“Jobs, Pay, And Skills: India Will Edge Out China”, McKinsey Global Institute

 

Over the past three decades, a global labor market has taken shape, spurring a massive movement from “farm to factory” in emerging markets and boosting output and productivity to bring hundreds of millions of people out of poverty.

To raise productivity, developed economies invested in labor-saving technologies and tapped global sources of low-cost labour. Today, the strains on this labor force are becoming painfully evident. As McKinsey Global Institute ( MGI) finds that market forces failed to resolve demand and supply imbalances for tens of millions of skilled and unskilled workers alike.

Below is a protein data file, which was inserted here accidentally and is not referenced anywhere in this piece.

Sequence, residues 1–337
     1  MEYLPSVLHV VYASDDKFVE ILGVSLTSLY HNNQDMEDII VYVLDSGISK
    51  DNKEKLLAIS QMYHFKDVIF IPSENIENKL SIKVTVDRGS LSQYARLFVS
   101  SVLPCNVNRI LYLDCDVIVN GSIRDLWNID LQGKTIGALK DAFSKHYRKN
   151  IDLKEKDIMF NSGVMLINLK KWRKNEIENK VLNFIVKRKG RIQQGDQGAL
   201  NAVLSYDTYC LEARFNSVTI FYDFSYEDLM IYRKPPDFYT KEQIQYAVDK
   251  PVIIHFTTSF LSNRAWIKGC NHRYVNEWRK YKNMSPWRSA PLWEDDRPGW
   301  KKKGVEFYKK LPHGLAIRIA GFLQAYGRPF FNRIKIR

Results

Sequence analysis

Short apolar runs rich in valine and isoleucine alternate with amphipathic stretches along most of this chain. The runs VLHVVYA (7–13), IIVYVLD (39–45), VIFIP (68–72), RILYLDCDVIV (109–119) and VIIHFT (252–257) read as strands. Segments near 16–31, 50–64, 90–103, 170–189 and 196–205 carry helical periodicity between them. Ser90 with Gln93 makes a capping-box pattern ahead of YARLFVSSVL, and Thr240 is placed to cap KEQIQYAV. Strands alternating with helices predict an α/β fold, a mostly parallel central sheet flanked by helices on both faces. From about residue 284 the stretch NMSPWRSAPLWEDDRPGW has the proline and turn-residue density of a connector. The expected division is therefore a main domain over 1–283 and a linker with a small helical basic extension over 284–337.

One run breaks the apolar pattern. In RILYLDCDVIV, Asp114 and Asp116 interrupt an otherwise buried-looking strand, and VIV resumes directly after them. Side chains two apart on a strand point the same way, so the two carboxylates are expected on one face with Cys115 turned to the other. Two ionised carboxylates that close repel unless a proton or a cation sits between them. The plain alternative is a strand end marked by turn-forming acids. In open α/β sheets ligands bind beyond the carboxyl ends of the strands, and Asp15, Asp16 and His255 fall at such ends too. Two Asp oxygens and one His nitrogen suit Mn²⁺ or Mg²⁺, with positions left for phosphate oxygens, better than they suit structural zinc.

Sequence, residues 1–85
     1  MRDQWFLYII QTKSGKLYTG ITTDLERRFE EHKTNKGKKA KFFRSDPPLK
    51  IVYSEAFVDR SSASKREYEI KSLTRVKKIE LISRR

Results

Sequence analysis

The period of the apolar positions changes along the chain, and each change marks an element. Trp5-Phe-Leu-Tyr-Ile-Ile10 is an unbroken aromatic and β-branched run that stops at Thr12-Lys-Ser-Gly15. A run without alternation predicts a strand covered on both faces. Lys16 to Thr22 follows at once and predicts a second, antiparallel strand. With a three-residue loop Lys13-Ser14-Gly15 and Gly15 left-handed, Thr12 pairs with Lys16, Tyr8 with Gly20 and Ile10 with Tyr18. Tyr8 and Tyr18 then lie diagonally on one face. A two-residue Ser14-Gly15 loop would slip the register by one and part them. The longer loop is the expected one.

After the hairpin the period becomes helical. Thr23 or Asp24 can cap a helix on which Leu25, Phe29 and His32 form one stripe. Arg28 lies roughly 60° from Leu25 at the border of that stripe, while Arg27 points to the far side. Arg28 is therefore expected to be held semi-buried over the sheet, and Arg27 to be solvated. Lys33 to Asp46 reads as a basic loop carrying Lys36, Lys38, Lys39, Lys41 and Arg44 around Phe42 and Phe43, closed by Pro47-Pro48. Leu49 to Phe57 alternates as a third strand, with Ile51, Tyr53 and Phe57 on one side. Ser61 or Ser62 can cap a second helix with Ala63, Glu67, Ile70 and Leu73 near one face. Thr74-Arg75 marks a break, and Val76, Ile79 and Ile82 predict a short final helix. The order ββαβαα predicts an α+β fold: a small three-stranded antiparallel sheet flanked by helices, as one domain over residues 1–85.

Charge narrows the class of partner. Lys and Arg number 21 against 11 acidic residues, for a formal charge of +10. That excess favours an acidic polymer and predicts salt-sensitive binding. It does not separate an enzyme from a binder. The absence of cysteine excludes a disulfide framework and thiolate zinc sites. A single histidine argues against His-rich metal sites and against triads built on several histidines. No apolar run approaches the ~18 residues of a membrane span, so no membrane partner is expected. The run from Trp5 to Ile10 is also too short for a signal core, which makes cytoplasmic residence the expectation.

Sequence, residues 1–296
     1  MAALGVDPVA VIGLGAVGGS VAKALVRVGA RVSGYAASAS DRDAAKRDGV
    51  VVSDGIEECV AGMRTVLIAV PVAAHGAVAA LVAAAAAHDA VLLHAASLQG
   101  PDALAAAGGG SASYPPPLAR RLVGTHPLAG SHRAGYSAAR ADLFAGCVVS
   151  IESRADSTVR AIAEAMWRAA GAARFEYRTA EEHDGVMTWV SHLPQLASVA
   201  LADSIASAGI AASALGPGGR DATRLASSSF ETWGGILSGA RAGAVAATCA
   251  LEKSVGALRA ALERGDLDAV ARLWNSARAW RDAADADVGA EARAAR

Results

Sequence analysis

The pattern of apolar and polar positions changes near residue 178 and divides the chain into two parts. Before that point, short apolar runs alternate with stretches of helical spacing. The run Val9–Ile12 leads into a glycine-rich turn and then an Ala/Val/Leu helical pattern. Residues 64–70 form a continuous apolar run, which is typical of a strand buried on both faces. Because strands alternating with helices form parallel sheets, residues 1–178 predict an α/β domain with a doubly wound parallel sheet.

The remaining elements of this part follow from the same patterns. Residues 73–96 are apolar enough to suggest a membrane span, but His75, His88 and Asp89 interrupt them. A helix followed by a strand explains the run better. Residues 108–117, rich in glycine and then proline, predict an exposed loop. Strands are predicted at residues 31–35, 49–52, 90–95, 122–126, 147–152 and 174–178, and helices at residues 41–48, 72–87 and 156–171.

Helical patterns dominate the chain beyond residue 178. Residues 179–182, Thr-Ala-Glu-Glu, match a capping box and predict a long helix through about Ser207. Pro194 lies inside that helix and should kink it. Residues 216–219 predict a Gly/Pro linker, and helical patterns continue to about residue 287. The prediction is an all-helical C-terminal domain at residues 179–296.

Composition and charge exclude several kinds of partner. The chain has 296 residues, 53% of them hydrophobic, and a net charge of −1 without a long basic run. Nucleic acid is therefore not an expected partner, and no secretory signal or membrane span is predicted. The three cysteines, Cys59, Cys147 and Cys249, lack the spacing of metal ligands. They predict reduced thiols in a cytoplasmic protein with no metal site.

Over the next two decades, China would be eclipsed as the world’s major source of low-cost labour by India and “young developing” economies of South Asia and Africa.

In other words, nearly 60 per cent of the 600 million net additions to the global labor force from 2010 to 2030 will occur in India, South Asia and Africa. This would bring the total global labor force to 3.5 billion in 2030, the MGI said in a report.

India’s strength lie in its capacity to supply college-educated workers with 85 million additional college-educated workers by 2030, likely the second-largest supplier of net new college-educated workers after China.

The report added that unprecedented action is required on education and training to address global mismatches in supply of workers with skills needed to drive 21st century economies.

To understand the issues, McKinsey Global Institute looked at 70 countries that account for 96 per cent of global GDP and are home to 87 per cent of the world’s population.

Adapted From “The world at work: Jobs, pay, and skills for 3.5 billion people”, McKinsey Global Institute.

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